New Georgia Campaign: Marines Raiders cross a stream near Enogai Point New Georgia Campaign: Marine flamethrower targets enemy pillbox

Left: Marines Raiders cross a stream during their advance on Enogai Point, New Georgia Island. The collapse of Eno­gai’s defenses on July 10, 1943, pre­vented the enemy from heavily rein­forcing the Munda area from neighboring Kolom­ban­gara Island. How­ever, a short­age of rations and drinking water, extreme heat, humid­ity, dis­ease, near contin­uous jungle com­bat, and a tough, well-camou­flaged enemy in hardened posi­tions took a heavy toll on American troops everywhere on New Georgia.

Right: A soldier of the U.S. 43rd Infantry Division uses an M2 flame­thrower against a Japa­nese pill­box during fierce fighting near Munda air­field on New Georgia Island. Enemy machine-gun positions were impervious to light infantry weaponry. Japa­nese soldiers and marines fought skill­fully, for a time forcing a stalemate at the airfield.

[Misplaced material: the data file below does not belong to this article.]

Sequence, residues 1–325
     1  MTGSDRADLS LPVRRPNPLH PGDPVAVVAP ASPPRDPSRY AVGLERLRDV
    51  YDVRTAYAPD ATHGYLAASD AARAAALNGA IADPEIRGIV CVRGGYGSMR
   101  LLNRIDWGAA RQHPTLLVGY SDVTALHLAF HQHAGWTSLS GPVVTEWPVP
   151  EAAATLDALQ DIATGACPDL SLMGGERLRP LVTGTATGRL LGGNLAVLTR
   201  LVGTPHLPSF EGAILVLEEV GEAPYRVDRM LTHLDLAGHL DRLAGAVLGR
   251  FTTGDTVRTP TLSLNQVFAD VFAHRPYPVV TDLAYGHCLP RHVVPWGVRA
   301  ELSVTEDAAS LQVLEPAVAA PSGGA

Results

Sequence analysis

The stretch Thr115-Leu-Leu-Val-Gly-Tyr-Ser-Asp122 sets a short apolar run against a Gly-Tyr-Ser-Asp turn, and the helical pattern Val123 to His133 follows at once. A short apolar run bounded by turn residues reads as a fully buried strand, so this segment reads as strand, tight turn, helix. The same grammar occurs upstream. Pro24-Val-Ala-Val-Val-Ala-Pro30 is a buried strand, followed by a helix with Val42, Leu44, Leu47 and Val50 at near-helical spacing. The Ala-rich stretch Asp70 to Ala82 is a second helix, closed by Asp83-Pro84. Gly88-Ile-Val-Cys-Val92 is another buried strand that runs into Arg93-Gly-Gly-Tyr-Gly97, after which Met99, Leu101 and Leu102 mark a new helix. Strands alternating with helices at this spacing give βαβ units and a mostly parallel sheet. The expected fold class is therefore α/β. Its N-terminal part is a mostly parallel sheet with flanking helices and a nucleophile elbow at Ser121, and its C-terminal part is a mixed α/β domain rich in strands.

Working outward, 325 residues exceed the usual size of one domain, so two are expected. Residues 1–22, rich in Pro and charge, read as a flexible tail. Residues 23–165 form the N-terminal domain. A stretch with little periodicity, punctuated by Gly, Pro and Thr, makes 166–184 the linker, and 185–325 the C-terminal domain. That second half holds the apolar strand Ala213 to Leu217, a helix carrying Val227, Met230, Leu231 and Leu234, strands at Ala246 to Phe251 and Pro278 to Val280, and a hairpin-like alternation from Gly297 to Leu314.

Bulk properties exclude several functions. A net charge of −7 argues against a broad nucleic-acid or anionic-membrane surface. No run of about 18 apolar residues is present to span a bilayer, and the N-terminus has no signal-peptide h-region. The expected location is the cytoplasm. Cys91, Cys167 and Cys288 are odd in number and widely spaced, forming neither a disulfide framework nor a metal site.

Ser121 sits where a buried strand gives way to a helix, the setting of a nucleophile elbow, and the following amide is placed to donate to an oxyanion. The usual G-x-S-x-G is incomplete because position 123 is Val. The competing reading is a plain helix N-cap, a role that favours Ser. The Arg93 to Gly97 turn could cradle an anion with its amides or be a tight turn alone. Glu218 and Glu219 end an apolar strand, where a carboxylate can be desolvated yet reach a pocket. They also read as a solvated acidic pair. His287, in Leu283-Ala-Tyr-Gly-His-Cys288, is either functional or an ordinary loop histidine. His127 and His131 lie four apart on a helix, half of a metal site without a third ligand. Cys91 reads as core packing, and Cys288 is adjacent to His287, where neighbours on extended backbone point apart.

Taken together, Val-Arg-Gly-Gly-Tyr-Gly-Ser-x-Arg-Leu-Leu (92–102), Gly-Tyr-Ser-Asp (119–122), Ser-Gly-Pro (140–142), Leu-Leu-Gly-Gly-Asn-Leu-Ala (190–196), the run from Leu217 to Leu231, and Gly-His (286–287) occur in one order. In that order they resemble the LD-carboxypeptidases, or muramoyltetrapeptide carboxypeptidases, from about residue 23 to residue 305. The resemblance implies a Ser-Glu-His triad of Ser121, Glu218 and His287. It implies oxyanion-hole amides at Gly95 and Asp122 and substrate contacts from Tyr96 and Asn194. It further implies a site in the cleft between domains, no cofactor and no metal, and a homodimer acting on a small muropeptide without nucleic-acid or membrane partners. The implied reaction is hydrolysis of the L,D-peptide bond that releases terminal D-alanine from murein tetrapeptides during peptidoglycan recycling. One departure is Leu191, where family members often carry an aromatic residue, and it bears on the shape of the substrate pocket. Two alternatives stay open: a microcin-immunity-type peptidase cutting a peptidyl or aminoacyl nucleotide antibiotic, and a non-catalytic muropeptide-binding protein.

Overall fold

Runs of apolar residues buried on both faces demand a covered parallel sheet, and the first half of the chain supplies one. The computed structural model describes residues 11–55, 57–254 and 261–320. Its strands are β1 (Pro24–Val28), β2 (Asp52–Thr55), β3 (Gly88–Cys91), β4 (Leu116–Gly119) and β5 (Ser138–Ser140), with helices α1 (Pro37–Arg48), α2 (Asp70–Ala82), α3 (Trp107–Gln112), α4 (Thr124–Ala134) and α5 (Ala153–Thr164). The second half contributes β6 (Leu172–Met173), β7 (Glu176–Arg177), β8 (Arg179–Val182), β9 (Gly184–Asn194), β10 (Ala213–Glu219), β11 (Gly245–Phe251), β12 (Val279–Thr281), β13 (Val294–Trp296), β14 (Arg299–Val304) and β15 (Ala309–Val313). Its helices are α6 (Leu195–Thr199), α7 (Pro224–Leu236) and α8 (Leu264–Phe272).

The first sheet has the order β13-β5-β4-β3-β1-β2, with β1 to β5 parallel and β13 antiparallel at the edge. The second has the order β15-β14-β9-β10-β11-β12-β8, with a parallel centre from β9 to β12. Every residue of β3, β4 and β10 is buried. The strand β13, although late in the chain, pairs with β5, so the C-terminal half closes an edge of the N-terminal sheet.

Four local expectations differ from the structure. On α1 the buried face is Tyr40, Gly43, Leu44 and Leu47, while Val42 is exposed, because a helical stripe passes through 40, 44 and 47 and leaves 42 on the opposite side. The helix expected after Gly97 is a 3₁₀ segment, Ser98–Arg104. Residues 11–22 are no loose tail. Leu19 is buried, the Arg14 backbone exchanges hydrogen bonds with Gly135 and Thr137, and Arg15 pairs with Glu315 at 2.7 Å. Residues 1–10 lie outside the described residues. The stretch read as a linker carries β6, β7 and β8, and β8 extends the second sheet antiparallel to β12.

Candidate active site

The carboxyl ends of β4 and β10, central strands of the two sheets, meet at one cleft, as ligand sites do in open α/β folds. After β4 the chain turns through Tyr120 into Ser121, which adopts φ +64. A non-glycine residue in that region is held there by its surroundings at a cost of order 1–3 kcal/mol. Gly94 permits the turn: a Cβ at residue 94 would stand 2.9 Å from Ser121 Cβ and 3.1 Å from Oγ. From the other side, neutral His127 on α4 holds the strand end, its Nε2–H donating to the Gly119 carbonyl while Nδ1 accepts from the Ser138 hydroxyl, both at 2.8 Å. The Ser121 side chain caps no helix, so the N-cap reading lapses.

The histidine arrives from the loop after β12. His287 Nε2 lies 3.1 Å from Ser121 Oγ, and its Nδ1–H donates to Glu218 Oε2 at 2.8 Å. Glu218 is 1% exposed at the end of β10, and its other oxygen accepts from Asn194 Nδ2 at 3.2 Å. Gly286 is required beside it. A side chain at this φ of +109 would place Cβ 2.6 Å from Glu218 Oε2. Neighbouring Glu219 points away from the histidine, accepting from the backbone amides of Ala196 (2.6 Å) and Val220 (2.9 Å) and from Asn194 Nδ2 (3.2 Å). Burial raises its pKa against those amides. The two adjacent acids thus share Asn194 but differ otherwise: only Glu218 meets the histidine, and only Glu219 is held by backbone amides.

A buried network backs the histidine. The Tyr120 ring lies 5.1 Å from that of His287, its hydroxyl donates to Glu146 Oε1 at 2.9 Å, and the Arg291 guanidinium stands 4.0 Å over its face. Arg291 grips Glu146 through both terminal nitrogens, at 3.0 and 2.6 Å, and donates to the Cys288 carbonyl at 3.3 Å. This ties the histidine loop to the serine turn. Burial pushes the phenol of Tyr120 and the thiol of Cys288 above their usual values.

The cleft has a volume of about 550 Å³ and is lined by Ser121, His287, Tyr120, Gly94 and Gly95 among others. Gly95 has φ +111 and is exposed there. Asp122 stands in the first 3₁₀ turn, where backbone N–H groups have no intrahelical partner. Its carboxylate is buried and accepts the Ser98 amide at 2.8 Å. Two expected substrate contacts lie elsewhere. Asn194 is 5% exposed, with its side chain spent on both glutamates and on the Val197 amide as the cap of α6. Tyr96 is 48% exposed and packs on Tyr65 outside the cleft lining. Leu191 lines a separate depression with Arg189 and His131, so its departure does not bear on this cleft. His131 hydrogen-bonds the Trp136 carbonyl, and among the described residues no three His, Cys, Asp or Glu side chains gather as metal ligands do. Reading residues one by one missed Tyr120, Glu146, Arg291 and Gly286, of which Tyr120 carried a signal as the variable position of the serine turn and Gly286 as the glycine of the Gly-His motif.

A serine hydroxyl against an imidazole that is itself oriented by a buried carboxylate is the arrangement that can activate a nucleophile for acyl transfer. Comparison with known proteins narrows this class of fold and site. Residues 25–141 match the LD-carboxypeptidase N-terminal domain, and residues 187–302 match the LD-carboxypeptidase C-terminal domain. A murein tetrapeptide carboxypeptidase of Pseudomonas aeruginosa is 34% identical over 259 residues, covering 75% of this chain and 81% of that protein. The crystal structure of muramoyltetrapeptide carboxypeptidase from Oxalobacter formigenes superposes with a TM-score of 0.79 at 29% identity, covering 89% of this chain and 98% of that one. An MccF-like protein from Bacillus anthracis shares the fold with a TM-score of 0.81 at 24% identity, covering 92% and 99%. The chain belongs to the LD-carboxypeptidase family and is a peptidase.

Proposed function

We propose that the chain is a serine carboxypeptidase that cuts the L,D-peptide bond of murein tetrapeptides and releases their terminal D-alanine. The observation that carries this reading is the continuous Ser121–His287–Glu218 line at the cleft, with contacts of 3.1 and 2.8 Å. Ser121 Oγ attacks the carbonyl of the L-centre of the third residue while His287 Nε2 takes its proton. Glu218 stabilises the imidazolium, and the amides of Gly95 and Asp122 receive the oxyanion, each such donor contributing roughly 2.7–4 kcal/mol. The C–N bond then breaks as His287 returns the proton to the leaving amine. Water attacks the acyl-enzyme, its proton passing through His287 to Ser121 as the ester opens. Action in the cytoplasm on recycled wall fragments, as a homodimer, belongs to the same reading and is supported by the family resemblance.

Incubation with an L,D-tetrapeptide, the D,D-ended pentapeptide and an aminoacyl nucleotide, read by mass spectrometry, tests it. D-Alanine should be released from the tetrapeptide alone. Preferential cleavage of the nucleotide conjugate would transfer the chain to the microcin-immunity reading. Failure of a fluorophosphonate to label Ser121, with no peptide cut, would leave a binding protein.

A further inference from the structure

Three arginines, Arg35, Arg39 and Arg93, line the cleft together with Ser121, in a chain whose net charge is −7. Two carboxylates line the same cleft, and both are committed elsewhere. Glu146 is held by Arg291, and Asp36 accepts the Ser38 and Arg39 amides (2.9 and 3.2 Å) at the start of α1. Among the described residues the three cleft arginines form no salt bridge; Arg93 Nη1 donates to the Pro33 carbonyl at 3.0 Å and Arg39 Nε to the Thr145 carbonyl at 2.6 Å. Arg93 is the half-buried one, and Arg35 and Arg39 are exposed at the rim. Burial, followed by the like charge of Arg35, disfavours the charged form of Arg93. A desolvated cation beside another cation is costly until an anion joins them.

New Georgia Campaign: 155mm gun fires on enemy-held Munda airstrip New Georgia Campaign: M3 light tanks mop up resistance near Munda airfield

Left: A U.S. Army 155mm “Long Tom” gun on Rendova Island bom­bards enemy posi­tions in and around the Munda air­strip. This photo shows smoke from an exploding bomb dropped by a Japa­nese fighter operating out of Rabaul that just missed hitting the U.S. artillery piece.

Right: Three Marine M3 “Stuart” light tanks, working along­side Army infantry­men, per­form mop-up duties near Munda air­field, August 6, 1943, one day after Amer­i­cans finally took their main objec­tive. Munda’s defenders, ordered by the Japa­nese Impe­rial Staff in Tokyo to defend the air­field to the last man, knocked out sever­al tanks before being over­run them­selves. Some enemy soldiers resorted to holing up in caves; others joined the retreat to Kolom­ban­gara Island. Major ground fighting on New Georgia ceased on August 23.

New Georgia Campaign, 1943, Part of Operation Cartwheel: Rendova Island to Munda Airfield (First 4 Minutes)